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The park is said to have originally been a swampy burial ground for lepers from the nearby hospital at St James's. It was first enclosed in the 16th century when it formed part of the estate of the Poulteney family. In 1668 an area of the Poulteney estate known as Sandpit Field was surrendered to Charles II, who made the bulk of the land into a Royal Park, as "Upper St James's Park" and enclosed it with a brick wall.2 He laid out the park's main walks and built an icehouse there to supply him with ice for cooling drinks in summer.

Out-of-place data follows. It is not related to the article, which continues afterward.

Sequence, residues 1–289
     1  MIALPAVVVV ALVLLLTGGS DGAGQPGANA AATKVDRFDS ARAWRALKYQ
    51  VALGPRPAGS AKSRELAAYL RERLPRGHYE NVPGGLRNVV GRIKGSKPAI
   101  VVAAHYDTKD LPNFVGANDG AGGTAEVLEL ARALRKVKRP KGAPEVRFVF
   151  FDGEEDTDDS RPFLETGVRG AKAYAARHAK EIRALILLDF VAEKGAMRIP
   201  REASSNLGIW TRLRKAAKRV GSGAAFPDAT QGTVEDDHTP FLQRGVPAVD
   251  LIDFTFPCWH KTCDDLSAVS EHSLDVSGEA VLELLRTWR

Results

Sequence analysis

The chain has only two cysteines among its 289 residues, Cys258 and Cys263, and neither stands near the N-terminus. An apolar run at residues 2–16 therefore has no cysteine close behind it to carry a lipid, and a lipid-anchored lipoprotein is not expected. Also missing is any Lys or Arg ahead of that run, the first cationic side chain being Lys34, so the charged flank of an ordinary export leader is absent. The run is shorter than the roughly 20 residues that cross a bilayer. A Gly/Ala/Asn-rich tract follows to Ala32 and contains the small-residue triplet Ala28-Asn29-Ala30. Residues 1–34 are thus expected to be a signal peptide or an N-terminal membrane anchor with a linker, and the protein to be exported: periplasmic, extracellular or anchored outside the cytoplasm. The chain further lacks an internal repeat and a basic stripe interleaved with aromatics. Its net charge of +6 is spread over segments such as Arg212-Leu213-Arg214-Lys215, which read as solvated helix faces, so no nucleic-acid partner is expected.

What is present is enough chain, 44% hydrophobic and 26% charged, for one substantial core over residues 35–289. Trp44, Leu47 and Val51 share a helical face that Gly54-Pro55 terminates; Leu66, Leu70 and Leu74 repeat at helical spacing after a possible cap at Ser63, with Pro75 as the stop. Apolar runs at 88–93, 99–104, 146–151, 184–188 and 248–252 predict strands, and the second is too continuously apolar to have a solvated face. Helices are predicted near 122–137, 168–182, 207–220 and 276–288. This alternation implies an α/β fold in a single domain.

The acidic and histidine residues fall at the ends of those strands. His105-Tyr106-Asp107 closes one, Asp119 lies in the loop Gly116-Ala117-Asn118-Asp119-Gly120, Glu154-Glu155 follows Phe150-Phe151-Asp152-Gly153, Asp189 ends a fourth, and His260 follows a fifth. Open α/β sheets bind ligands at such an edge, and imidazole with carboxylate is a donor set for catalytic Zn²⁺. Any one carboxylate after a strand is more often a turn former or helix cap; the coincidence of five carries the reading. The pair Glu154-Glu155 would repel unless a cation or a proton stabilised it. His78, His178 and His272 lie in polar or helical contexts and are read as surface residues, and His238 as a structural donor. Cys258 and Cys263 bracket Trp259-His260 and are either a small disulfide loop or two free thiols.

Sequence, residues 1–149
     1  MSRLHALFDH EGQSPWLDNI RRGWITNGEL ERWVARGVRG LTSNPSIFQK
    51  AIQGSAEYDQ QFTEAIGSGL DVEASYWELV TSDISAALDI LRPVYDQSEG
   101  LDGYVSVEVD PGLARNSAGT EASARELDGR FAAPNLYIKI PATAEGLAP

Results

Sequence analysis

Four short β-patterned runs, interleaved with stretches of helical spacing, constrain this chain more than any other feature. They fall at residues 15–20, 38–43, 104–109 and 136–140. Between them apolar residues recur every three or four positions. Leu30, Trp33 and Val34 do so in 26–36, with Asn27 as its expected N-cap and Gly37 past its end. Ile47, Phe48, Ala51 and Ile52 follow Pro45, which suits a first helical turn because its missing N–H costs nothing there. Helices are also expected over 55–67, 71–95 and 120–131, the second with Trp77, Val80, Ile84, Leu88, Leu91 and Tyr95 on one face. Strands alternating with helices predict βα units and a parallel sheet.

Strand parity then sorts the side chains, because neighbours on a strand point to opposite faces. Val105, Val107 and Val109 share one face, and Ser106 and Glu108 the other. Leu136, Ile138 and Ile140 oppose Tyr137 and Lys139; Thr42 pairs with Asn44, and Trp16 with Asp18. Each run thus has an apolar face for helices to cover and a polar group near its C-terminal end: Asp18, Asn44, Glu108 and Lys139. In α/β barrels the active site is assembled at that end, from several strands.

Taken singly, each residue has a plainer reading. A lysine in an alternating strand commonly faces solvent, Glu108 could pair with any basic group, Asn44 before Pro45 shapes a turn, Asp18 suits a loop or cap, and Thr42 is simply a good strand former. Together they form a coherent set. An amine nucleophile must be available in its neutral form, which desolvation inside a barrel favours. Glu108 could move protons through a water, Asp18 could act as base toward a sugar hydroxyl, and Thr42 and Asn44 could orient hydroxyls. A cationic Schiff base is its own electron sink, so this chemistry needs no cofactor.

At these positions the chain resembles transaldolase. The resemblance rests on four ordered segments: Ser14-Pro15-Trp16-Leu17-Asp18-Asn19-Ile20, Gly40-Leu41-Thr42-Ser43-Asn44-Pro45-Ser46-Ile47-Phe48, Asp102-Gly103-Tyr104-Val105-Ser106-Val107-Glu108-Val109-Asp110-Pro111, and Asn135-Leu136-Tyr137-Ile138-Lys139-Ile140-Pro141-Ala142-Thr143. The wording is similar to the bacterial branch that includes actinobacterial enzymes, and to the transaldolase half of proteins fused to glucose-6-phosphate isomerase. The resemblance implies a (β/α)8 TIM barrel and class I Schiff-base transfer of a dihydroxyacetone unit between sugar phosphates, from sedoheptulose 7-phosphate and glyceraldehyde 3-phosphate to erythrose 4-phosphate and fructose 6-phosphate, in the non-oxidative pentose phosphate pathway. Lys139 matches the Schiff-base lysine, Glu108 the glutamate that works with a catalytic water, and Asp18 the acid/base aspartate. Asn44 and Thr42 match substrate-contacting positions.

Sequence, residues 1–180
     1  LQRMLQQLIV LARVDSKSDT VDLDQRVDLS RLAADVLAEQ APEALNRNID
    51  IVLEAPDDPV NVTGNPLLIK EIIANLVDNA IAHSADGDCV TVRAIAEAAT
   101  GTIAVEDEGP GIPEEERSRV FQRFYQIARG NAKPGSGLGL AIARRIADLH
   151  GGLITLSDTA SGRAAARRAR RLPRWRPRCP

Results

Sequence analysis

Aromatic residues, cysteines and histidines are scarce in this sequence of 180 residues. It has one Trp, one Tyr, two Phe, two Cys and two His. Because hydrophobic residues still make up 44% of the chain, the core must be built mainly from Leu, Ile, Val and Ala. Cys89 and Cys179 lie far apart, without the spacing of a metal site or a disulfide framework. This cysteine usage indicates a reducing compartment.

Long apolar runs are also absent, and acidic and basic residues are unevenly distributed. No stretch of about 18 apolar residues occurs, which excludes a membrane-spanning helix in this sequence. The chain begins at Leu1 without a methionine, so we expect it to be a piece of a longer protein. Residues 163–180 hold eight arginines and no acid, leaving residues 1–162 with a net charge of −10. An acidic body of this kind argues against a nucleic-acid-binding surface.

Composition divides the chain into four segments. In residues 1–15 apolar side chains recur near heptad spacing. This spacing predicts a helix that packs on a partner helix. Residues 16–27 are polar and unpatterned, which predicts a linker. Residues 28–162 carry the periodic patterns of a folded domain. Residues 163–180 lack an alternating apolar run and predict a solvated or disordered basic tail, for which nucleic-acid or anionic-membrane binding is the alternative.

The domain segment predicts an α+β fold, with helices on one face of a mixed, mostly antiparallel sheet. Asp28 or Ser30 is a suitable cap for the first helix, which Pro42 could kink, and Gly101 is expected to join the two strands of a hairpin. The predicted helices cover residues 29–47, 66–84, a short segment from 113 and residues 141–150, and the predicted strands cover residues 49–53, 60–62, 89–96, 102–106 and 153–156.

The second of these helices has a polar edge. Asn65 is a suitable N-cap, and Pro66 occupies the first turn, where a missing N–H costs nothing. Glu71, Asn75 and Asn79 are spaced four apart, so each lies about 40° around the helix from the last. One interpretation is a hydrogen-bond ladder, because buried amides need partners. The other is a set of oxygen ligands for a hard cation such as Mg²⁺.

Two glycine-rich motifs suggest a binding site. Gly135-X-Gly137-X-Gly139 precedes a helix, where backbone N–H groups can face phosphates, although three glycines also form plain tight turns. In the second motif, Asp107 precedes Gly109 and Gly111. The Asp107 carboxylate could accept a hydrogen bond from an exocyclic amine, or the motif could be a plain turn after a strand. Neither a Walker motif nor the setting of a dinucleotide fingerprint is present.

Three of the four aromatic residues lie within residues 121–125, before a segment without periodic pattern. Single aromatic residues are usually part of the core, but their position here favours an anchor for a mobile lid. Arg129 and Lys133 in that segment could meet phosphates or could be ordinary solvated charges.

There are Government offices and corridors, linking the nearby Royal palaces, beneath the east side of Green Park, which continue to run to the south. These are clearly visible on the edges of Green Park and St. James's Park, with the glass roofs just below ground level. The rooms are thought to be conversions of some of the tunnels built as part of the Cabinet War Rooms from the Second World War.